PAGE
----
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Exploring The Sea In Abandon Ship - A TLS Exclusive Interview - Two Left Sticks
Abandon Ship

Exploring The Sea In Abandon Ship – A TLS Exclusive Interview

There was a time in history in which exploration fueled many.  The prospect of venturing into the unknown to claim new territory or uncover abundant treasures was one that captivated people across the world. More often than not these desires resulted in fruitless quests, while others changed the course of history.  

Usually, the key to accomplishing such notoriety was assembling a crew and embarking on a massive sea vessel with only the ocean, wind, and one’s instincts to guide them.  For those who want a taste of what it was like to be a true adventurer, Abandon Ship from Fireblade Software delivers such a thing.


Despite the trends that occur in pop culture, not many games have taken advantage of the pirate/sea fairing genre.  A few games in the past have examined such a thing, such as Assassin’s Creed: Black Flag, but it’s often a mixture of game elements.  Rather than combine outside action with occasional ship combat, Abandon Ship places players firmly in the role of a captain as they search the unknown to see what awaits.

“I always loved FTL and believe it to be one of the best-designed games ever,” Abandon Ship creator Gary Burchell stated. “I was so into that game that I was desperate to experience more of it in an expanded form, but nothing else came close.”

With a fondness for the space travel of FTL, Gary looked towards another passion of his – naval history.  Along with working near the historic Portsmouth Harbour, the concept pushed forward within Gary’s mind to create a game unlike anything else.

“I couldn’t quite believe somebody hadn’t married the ship and crew management mechanics of a game like FTL with an Age of Sail setting.  I’d reached a point in my career where I could have happily continued being an Executive Producer, but I was making other people’s games. I got into this industry because I wanted to make my games. So I decided to stop thinking about doing it, and do it.”


An element of Abandon Ship which Gary wanted to present was a harshness to the world.  Striving for a more grounded tone, Abandon Ship presents a level of grittiness that depicts what sea exploration was like in the 18th century; a hardship.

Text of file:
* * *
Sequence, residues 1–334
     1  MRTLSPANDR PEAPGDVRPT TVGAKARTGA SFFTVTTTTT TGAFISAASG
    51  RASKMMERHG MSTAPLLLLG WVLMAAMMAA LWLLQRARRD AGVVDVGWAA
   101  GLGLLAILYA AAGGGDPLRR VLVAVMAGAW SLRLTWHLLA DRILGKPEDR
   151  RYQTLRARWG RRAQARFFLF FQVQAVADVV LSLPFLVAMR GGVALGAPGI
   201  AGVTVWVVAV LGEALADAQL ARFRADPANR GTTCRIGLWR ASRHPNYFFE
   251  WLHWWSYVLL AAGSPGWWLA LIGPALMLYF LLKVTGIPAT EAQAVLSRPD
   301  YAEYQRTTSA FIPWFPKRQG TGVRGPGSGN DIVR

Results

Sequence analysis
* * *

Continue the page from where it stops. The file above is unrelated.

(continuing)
Players have to make hard decisions constantly which affect both them and their selected crew.  Battles are arduous and strategy is paramount. Speaking of the design pillars, Gary said, “This is something I summarized as ‘Surviving on the Edge’, what I mean by that is life in this world is hard. Death can come quick and is permanent. So the tone needed to feel appropriate to those core pillars. Abandon Ship is certainly not a jaunty pirate’s tale.”

“This is partially where the inspiration for the classic oil-on-canvas Naval-Painting art style came from. Those paintings from artists like Turner, Ivan Aivazovsky, Willem Velde, James Wilson Carmichael and Ebenezer Colls were not just a great thematic fit; they contain drama and tension which make them a perfect tonal fit as well.”

With a tonal focus, Gary likens Abandon Ship more in-line with “Master & Commander” than the fantasy-laden approach of “Pirates of the Caribbean”.  Abandon Ship will test both the skill and emotional capacity of players in an experience which won’t be easy.



Abandon Ship is striving for a tone which is harsh and dramatic; essentially being accurate to the era.  Despite this, Abandon Ship isn’t an 18th-century naval sim.

Injecting small elements of fantasy into the game, Gary and his colleagues are making sure that they deliver a fun game.  “For the team, the priority is always Gameplay First. That was partially why the game was set in a grounded-fantasy world.  We didn’t want to be restricted from including fun and interesting gameplay mechanics because they weren’t historically accurate. As long as they feel appropriate for the technology of the 1700’s or 1800’s and on tone for the game of course.”



This melding of reality and fantasy does include elements which play to the maritime myths of old.   On the topic of what may lurk in the sea, Gary said, “I don’t want to spoil too much of this because we will be revealing more on that in due course. But yes, I can confirm that there will be battles (note the plural usage there!) with big sea monsters.”

Abandon Ship



Instead of embarking on stealth missions, Abandon Ship puts players directly in the shoes of a captain.  In this role, players will have to both protect and maintain their ship as it’s more than a vehicle – it’s their home and salvation.

As a captain, things won’t always be easy. Besides trying to find riches, players will have to make decisions in which the negatives may outweigh the positives.

“You make choices along your journey; maybe you decide not to help that sinking ship? If the crew from that ship survives they may appear in a later event and get payback,” Gary said. “Equally, if you go around helping people in distress there’s a chance those people might pop up later to help you when you need it.



Being a captain in Abandon Ship may result in failure at times.  Though the instances in which things go awry, the game won’t suddenly shift to a “Game Over” screen.  Instead, players have the option to break the maritime tradition of the captain going down with the ship.

When a player’s ship is on the brink of destruction the option is available to escape on a lifeboat.  “If the player ends up in the Lifeboat, or alone in the water then the gameplay shifts. It becomes about surviving for long enough to either make it back to port or be rescued,” elaborated Gary. “Unique events happen in these modes that suitably reflect the dire situation the player finds themselves in, but you can survive, get another ship and continue your adventure.”

Abandon Ship